In A Dark, Dark Wood [Book Rumination]

On Thrillers and Story Predictability

(Warning: This post will contain spoilers for Ruth Ware’s In A Dark, Dark Wood. You’ve been warned).

in a dark dark woodIn A Dark, Dark Wood is a thriller mystery by Ruth Ware. After being invited to bachelorette (or “hen”) weekend in the woods for a friend she hasn’t spoken to for years, Nora Shaw wakes up in a hospital bed battered with a head wound wondering “What have I done?” The story recounts the mystery of those few days and the inciting incidents where it all went wrong. There buried truths come to life and patience is tested.

Before I dig into my topic, I have to admit that this book was very readable with a very thrilling plot. It made me want to get to the end, guessing at the possible motivations of all the people gathered together. For a thriller, I think that this is tantamount to a successful narrative. (For any book really).

But I feel that the impact of a thriller/mystery is truly felt after you finish a story. When the pieces come together and you ruminate on how effectively they were weaved together. The problem with In A Dark, Dark Wood is that on reflection, the story failed to be compelling in a way that sticks with you.

There are many reasons that I feel that way which can be boiled down to two story elements. (For those who don’t want to be spoiled, I would check out now.)

1)  The Unreliable Narrator Trope

An “unreliable narrator” is just as it sounds. A narrator that doesn’t tell the whole truth of the situation. Where you can tell they are withholding something whether it’s intentional or no. Or that their perspective is colored by a particular bias. Most of the time its presented to the reader gradually and often in the first person.

This trope has been used to great effect in thrillers like The Girl on the Train and Gone Girl, or standard classics like The Great Gatsby and Catcher in the Rye (or my personal fave, The Moonstone!). It’s not that the narrator is trying to mislead the reader intentionally but they’re describing the world as they see it and the author is subtly warning the reader to be wary of the narrator’s perspective. The truth of the mystery lies in the discrepancies.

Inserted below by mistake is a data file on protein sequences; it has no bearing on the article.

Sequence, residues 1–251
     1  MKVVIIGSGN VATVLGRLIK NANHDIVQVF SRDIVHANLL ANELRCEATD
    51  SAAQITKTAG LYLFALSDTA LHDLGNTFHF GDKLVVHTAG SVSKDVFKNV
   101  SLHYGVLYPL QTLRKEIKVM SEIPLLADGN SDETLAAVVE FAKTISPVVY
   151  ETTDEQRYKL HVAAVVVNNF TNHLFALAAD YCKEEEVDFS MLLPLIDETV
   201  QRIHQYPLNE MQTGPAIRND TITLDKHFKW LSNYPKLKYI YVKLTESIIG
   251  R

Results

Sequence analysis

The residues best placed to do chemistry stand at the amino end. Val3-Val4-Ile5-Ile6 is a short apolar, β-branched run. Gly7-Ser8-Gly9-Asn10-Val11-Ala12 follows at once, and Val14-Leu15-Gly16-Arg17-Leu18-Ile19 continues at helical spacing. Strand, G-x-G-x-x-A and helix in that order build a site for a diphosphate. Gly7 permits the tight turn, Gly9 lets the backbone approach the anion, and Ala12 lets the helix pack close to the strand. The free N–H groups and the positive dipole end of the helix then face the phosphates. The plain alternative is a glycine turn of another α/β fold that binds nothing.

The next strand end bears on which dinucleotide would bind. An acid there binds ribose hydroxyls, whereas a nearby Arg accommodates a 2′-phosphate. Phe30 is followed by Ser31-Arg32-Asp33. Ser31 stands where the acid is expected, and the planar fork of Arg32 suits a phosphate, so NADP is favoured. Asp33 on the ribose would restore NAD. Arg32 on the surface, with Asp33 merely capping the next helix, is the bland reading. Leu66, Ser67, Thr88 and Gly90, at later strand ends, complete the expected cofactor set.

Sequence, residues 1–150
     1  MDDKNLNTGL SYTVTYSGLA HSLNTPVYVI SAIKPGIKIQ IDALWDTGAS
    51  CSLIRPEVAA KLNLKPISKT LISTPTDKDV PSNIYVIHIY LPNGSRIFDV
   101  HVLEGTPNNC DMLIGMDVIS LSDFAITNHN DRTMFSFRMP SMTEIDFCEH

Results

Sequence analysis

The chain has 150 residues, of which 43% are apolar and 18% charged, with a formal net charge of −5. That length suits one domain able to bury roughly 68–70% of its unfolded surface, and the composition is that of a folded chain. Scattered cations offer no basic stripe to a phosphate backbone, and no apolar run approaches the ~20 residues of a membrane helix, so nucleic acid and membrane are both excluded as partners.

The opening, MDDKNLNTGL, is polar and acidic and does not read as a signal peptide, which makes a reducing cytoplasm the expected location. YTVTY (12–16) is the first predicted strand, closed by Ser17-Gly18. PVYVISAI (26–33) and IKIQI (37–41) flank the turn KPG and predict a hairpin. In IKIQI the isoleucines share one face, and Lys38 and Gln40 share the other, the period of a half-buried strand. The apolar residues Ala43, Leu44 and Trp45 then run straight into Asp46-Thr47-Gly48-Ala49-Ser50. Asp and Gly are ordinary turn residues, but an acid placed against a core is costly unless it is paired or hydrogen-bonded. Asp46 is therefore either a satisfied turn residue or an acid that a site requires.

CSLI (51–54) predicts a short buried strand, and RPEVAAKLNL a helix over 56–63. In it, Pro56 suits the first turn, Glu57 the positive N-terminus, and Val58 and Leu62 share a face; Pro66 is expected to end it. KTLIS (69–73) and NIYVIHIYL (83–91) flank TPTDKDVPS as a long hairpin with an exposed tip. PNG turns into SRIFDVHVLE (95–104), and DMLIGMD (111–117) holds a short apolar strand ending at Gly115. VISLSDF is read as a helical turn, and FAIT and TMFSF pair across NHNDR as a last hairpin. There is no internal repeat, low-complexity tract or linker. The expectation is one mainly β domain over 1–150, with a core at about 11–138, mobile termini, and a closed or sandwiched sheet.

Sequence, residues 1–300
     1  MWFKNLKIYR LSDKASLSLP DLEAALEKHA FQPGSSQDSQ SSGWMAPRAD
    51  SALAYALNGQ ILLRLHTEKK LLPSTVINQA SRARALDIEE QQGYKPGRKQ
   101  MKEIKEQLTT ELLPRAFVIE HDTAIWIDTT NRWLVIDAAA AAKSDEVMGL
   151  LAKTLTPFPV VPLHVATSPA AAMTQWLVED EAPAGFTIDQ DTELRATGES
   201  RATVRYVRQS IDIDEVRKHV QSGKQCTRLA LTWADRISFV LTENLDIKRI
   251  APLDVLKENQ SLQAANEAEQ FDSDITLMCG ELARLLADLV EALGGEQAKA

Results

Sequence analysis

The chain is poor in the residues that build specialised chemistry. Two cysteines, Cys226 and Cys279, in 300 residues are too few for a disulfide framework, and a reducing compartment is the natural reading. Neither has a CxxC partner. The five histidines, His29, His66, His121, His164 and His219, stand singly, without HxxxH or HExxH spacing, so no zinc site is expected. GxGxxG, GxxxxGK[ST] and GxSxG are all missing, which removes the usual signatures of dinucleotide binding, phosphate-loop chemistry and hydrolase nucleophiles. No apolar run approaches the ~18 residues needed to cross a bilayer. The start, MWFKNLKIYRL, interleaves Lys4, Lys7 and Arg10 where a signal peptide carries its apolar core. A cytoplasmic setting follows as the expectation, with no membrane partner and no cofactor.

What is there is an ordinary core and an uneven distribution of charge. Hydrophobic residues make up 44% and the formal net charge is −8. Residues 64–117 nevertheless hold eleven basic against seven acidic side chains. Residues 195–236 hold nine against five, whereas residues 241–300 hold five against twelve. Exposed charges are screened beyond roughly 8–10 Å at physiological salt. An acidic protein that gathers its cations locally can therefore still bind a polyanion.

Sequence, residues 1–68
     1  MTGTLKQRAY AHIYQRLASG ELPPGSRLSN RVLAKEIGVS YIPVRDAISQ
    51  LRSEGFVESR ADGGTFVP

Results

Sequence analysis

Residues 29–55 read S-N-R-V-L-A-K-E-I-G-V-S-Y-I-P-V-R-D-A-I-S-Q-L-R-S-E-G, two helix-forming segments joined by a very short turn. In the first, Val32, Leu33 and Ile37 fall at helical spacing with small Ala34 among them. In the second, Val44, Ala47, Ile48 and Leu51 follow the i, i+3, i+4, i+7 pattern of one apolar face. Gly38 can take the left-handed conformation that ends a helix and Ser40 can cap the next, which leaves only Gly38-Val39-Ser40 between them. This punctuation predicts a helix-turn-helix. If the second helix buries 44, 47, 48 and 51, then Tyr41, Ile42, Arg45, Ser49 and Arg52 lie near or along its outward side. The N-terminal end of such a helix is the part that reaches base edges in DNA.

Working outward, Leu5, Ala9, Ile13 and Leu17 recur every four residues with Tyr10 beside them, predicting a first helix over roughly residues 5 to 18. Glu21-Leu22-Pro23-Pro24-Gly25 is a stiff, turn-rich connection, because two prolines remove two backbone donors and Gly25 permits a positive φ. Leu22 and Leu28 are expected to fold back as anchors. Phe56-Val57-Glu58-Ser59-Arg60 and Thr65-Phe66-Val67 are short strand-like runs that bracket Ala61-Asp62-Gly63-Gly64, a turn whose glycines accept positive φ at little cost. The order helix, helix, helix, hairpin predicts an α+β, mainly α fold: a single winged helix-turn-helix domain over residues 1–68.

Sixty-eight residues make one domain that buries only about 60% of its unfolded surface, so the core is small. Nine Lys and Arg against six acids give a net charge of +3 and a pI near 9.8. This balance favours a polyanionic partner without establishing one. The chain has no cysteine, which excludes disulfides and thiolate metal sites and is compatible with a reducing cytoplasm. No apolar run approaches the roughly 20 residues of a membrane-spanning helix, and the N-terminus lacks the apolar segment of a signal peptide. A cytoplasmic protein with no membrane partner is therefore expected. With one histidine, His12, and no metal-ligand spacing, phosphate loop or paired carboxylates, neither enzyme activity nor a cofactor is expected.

But I think this book doesn’t have a compelling case for the “unreliable narrator” in the form of Nora Shaw. The story tries to convince the reader that Nora may be an unreliable witness to the events because of her mixed feelings towards Clare and her emotional hang-up on her ex-boyfriend, James who Clare will be marrying. She can’t remember what happened in those final moments before going to the hospital and story tries to posit that she was involved in James’ death. But the narrative gives us no concrete reason to doubt her perspective. Her only crime–her only flaw, it seems–is that she hasn’t quite gotten over her relationship. The story greedily holds onto the reason why but it’s not as big as we’re made to believe and its introduced too late into the story for the reader to really grasp its implications.

2) Story Predictability

I hold that a mystery isn’t bad if you can guess its ending. Guessing the ending is hopefully a mark of good storytelling and if you, as a reader, find yourself guessing the twist you should pat yourself on the back whilst tipping your well-earned detective hat.  When a mystery is done right, it effectively sprinkles clues so that a close enough reading gives you insight. A twist shouldn’t spring out of nowhere or be a gotcha for the punch.

But there is a thin line where a story’s predictability comes from its careful execution and how one-dimensional the story elements are. In A Dark, Dark Wood had me more rolling my eyes at the end than awed by its cleverness.

For one, the “villains” are predictable. Clare is one-dimensional. On the outside, she’s perfect and well-to-do and manipulative of those she surrounds herself with. It’s no surprise, based on the clues, that she planned out the murder that happens in the narrative. But I could’ve guessed that as soon as she was introduced. That there was something shady to her. Flo is also one-dimensional. She completely dedicated to Clare so her playing a pivotal role in the plot wasn’t a surprise. It may be because I’m so used to these tropes but I couldn’t help being disappointed.

These are a few of the reasons that I just couldn’t connect with the mystery of this story. I found myself pacing my floor after finishing, dissecting why I couldn’t bring myself to like it despite the bare bones of a great thriller being there.

Thank you all for taking the time to read my ramblings.

Leave a Reply

Fill in your details below or click an icon to log in:

WordPress.com Logo

You are commenting using your WordPress.com account. Log Out /  Change )

Twitter picture

You are commenting using your Twitter account. Log Out /  Change )

Facebook photo

You are commenting using your Facebook account. Log Out /  Change )

Connecting to %s